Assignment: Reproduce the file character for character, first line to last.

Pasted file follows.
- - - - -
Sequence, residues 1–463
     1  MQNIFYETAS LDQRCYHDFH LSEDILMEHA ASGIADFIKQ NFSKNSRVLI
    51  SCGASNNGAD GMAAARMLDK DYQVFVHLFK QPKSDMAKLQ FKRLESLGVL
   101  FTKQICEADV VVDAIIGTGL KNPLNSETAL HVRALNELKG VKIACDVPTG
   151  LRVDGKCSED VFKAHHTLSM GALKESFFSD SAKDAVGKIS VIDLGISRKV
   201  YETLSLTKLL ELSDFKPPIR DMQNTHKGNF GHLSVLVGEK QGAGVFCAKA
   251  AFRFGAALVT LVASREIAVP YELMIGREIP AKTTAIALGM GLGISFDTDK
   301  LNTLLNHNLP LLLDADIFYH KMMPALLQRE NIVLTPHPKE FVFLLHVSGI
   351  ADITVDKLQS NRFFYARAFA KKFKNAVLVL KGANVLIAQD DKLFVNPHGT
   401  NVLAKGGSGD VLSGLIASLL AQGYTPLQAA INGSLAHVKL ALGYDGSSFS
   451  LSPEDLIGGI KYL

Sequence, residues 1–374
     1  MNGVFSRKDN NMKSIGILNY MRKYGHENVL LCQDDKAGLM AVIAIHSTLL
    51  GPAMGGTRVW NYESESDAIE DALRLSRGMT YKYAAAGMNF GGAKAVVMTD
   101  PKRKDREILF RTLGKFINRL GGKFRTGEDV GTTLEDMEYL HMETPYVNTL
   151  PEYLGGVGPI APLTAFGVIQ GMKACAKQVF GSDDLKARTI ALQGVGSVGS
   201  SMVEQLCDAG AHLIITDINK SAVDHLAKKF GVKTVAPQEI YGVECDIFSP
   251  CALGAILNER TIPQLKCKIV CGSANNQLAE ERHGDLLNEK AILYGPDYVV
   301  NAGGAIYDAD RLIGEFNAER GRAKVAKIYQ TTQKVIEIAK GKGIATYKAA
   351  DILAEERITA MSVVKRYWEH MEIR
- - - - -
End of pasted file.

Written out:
Sequence, residues 1–463
     1  MQNIFYETAS LDQRCYHDFH LSEDILMEHA ASGIADFIKQ NFSKNSRVLI
    51  SCGASNNGAD GMAAARMLDK DYQVFVHLFK QPKSDMAKLQ FKRLESLGVL
   101  FTKQICEADV VVDAIIGTGL KNPLNSETAL HVRALNELKG VKIACDVPTG
   151  LRVDGKCSED VFKAHHTLSM GALKESFFSD SAKDAVGKIS VIDLGISRKV
   201  YETLSLTKLL ELSDFKPPIR DMQNTHKGNF GHLSVLVGEK QGAGVFCAKA
   251  AFRFGAALVT LVASREIAVP YELMIGREIP AKTTAIALGM GLGISFDTDK
   301  LNTLLNHNLP LLLDADIFYH KMMPALLQRE NIVLTPHPKE FVFLLHVSGI
   351  ADITVDKLQS NRFFYARAFA KKFKNAVLVL KGANVLIAQD DKLFVNPHGT
   401  NVLAKGGSGD VLSGLIASLL AQGYTPLQAA INGSLAHVKL ALGYDGSSFS
   451  LSPEDLIGGI KYL

Sequence, residues 1–374
     1  MNGVFSRKDN NMKSIGILNY MRKYGHENVL LCQDDKAGLM AVIAIHSTLL
    51  GPAMGGTRVW NYESESDAIE DALRLSRGMT YKYAAAGMNF GGAKAVVMTD
   101  PKRKDREILF RTLGKFINRL GGKFRTGEDV GTTLEDMEYL HMETPYVNTL
   151  PEYLGGVGPI APLTAFGVIQ GMKACAKQVF GSDDLKARTI ALQGVGSVGS
   201  SMVEQLCDAG AHLIITDINK SAVDHLAKKF GVKTVAPQEI YGVECDIFSP
   251  CALGAILNER TIPQLKCKIV CGSANNQLAE ERHGDLLNEK AILYGPDYVV
   301  NAGGAIYDAD RLIGEFNAER GRAKVAKIYQ TTQKVIEIAK GKGIATYKAA
   351  DILAEERITA MSVVKRYWEH MEIR